LINCOLN — The line is a Scott Frost favorite. Instead of needing to rise to the occasion, players fall back on the training that got them to that moment.
If the ability to play well in clutch spots is earned behind the scenes, then Nebraska has more time to do so with no game Saturday. The Huskers practiced Tuesday and Wednesday — NCAA rules call for extra days off between bye weeks because they played a Week Zero game.
They’re fixing their gaze on flipping the handful of sequences that have them carrying five one-score losses.
“I’m tired of saying, ‘We’re one play away, we’re two plays away,’ ” Frost said Wednesday. “The kids are tired of that, too. But what we talked about the last two days was making the play when it counts. Being a guy you can depend on when it matters.
“We’ve made plenty enough good plays in several games to have the outcome be different. A lot of guys have had opportunities to make a play. One more play somewhere to get it done. And we haven’t done it yet.”
The offense had at least one drive late in all five losses to tie or take the lead and didn’t come through in any of them. Defensive stops or takeaways haven’t come at pivotal moments. Erratic placekicking and punting have taken points off the board and given them to opponents — like the blocked extra point returned by Oklahoma and the punt return at Michigan State.
Players have often held their index finger and thumb barely apart to show the margin between a 3-5 record and 6-2 or 7-1. On a fourth-down play at the Minnesota 1-yard line that would have given the Huskers a lead in the third quarter, running back Jaquez Yant instead slipped. NU got nothing and lost by seven points.
“We always come close, and close isn’t enough for the record book,” cornerback Cam Taylor-Britt said Saturday.
Frost said fast starts need to be a priority. They got one against Northwestern and cruised to a blowout win. Meanwhile, every Nebraska loss has begun with the opponent scoring first.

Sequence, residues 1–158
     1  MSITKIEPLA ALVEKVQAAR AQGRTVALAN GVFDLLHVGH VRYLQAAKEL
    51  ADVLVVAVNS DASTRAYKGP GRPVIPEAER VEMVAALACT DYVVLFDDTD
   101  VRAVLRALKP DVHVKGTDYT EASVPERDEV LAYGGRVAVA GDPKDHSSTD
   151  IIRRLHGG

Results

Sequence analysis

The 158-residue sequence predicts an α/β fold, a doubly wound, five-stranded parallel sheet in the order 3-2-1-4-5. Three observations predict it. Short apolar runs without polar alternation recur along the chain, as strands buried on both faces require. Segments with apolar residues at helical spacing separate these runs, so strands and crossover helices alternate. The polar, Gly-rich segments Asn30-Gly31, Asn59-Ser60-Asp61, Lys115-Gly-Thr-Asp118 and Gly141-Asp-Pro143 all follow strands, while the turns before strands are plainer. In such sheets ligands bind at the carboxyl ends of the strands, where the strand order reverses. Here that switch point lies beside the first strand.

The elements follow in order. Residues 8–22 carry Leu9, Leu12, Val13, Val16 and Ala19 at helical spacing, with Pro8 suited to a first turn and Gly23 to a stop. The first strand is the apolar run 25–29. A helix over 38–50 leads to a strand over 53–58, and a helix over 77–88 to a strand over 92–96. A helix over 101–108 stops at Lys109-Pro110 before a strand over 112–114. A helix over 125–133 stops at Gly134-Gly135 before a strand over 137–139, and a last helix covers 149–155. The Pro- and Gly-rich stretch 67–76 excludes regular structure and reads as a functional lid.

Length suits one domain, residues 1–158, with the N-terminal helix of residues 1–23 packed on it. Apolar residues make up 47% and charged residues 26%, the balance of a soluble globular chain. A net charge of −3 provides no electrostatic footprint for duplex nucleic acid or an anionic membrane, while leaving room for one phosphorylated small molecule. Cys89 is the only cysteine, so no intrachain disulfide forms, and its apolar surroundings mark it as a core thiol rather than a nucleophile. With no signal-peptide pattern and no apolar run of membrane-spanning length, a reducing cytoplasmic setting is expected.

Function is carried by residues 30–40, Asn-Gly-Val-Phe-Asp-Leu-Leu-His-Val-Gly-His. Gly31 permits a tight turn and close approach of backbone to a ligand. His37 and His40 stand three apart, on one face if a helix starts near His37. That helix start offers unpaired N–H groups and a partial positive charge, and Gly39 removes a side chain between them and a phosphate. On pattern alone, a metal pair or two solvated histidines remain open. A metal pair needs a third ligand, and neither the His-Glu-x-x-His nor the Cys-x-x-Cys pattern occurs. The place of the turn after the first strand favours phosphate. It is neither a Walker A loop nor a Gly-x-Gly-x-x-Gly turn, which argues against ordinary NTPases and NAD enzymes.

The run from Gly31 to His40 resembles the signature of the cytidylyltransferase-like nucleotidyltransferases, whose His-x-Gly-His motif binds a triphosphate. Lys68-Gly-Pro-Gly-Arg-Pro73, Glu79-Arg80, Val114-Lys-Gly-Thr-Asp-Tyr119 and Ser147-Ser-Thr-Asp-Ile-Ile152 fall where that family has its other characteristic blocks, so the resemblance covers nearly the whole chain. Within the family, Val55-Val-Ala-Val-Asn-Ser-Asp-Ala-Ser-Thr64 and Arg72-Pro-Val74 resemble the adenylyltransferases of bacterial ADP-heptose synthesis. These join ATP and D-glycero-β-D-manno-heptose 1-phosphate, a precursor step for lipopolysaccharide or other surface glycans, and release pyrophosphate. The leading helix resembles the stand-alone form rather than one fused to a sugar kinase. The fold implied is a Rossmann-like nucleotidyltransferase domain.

NU set the tone especially poorly against Minnesota.
The offense went three-and-out — a wrong read, missed protection and missed throw to an open man after the defender fell all contributed to the 45-second possession. Then the Gophers held the ball for nearly eight minutes, eventually scoring on a fourth-down play-action pass from the Nebraska 5.
“It’s little details here and there,” Frost said. “We’re executing on a lot of stuff, making a lot of plays, getting a lot of yards. When it really matters, we haven’t gotten it done enough.”
Some of the onus is on the coaches, Frost said, to “be a touch more aggressive and let the guys go.” Nebraska needs to “completely let it rip” in the first quarter as much as in the fourth.
The downtime will help physically after playing eight straight Saturdays.
Frost said someday he’ll go into detail about the ailments Adrian Martinez has navigated, but said they were enough to take some of the usual quarterback run plays off the game sheet. Extra rest will have the fourth-year starter “as healthy as he’s been in several weeks” when Purdue comes to Lincoln on Oct. 30.
Safety Deontai Williams (knee) and running back Rahmir Johnson (concussion) — who were injured against the Gophers — are among other Huskers working back. Johnson has to clear concussion protocols before he returns to action, Frost said.
Frost plans to spend Saturday with his wife and kids, but said time will be afforded to do a “deep dive” on preparations for Purdue. Minnesota had that advantage against the Huskers, who will have it on the Boilermakers as Purdue hosts Wisconsin on Saturday.
NU still has a third of its regular season ahead, rounded out by Ohio State, Wisconsin and Iowa. Frost said the focus isn’t about intangibles or the big picture. He likes the culture, effort and intensity. Players are dialed in and maxing out.
More time means more reps. More reps mean a greater chance the Huskers do what they need to do in games.
Especially at those critical junctures.
“We’ve been a play short, an inch short,” Frost said. “We’ve got to find a way to get those plays done. We’ll keep putting kids in the best situation we know how to. It’s going to happen. They’ve just got to get it over the hump and we’ve got to find a way to get an inch better.”